I'm a label reader for one reason:  my gestational diabetes when I was pregnant with N.  It changed me for life.  I also happen to be writing an article about kids and nutrition for a local magazine, so it is on my mind.

It is my nature to internally rag myself about what I could be doing better as a mom and as a person, in general, which is probably everything.  
But I now try to use comparative analysis to help me feel like I suck a little less.  

When I feel like I'm not a very fit person, I read this, even though I know it is geared to an older population.  But hey, I'm 40 now.  

When I feel like a terrible dresser, I read this.  (Although I should probably review my state just to make sure I haven't actually made the site with my own brand of "I don't care what I throw on.")  

When I feel like a terrible mom for fussing at my kids, I read (WARNING: if you have postpartum mood issues and aren't in full recovery, you better skip) this.  

And evidently, when I feel like I'm not feeding my kids all that is good and wholesome, I just need to go eat lunch with my kindergartener.  

Tuesday, May 20, 2014

The lost iPod, both good and bad

We lost the iPod, and it is sorta driving me crazy.
I know millions of people have lost their mobile phones or dropped them into a thousand pieces or misplaced loads of techie gear, but this is the first lost expensive item.
(Wait, there was that time I hid the bank safe deposit box key too well and had to pay $100 for them to break into it, only to find the key a few months later in the summer towels.)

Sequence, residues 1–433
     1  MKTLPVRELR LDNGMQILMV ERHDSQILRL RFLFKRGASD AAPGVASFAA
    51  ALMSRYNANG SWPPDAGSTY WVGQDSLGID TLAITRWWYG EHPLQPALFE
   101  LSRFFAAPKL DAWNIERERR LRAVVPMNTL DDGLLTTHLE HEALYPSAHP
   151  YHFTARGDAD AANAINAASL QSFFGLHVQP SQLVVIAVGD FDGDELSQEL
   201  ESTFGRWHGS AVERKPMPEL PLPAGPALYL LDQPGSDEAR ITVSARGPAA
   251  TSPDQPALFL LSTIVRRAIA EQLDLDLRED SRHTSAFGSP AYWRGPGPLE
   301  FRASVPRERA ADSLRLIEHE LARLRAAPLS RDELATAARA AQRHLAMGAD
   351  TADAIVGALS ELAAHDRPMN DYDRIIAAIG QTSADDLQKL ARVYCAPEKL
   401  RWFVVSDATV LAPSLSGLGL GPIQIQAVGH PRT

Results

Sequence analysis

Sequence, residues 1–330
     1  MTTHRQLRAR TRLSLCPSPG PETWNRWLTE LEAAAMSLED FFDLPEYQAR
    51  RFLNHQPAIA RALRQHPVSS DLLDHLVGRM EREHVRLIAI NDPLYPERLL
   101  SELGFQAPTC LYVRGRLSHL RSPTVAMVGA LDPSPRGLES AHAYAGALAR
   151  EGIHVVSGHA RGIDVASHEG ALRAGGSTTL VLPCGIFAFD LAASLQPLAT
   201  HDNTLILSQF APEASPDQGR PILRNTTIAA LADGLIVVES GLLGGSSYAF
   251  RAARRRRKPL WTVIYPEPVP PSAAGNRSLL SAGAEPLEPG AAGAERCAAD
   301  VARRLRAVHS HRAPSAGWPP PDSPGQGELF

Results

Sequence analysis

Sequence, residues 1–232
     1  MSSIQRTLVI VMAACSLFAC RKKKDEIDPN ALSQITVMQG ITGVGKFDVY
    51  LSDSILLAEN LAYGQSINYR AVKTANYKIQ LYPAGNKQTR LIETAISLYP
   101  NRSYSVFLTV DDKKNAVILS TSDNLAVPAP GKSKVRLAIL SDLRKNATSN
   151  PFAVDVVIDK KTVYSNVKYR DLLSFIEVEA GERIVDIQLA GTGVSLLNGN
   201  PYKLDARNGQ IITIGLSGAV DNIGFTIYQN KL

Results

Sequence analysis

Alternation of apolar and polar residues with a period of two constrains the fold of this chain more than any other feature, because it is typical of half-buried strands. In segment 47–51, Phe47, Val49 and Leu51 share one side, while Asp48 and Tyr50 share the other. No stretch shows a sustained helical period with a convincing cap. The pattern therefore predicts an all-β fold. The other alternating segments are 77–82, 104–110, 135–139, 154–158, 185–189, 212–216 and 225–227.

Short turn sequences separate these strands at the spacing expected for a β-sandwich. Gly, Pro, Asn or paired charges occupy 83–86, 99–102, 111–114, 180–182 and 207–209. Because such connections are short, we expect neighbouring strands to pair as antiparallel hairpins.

Its loss bothers me because I hate wasting money and because now I won't have any music with which to workout at the gym (although I will likely swipe N's iPod mini because she steals my sh*t all the time, and paybacks are hell).

But at the same time, its loss is almost a relief.

The kids fought over that thing constantly.
It was the kind with a screen, so they could videotape themselves and watch their silly antics over and over.  It is enough to listen to one's kids make noise, but to listen to one's kids making noise while also listening to their tape-recorded selves making noise is a little more surround sound than I can take.

They had also discovered the 3 games on there, so they would get distracted with that.
N had been swiping it to make American Girl videos in her room.
M took it everywhere (which is why it was lost....somewhere in Kroger, I think, since I've called everywhere else we went last week), and I let him because him dorking around with it allowed me to

The ipod had become a babysitter.
It had become one more thing the kids would screech for when we got in the car.
One more thing for me to keep up with, and it is hard enough to just keep up with my life.

I'm not sure it is worth replacing something that was only useful for the 60 minutes a week I actually make it to the gym and drove me batty the other 10,020 minutes of my week.

Wednesday, May 7, 2014

Standardized testing pep-talk letter

N will take the state standardized tests at school soon, and parents have been asked to write their child(ren) an encouraging letter, urging them to give their best effort.

I will write the letter, but I am debating what I will write.

I understand why the schools want parents to write these letters.  I get that so much emphasis is placed on these tests, and that the teachers and administrators are often just towing the line....doing what they must to ensure that scores go up, and they don't suffer the penalties of state legislators who don't know what the fuck they are doing.  Legislating things that can't be legislated, like that all children will learn and test the same and have the exact same seed of knowledge in their heads.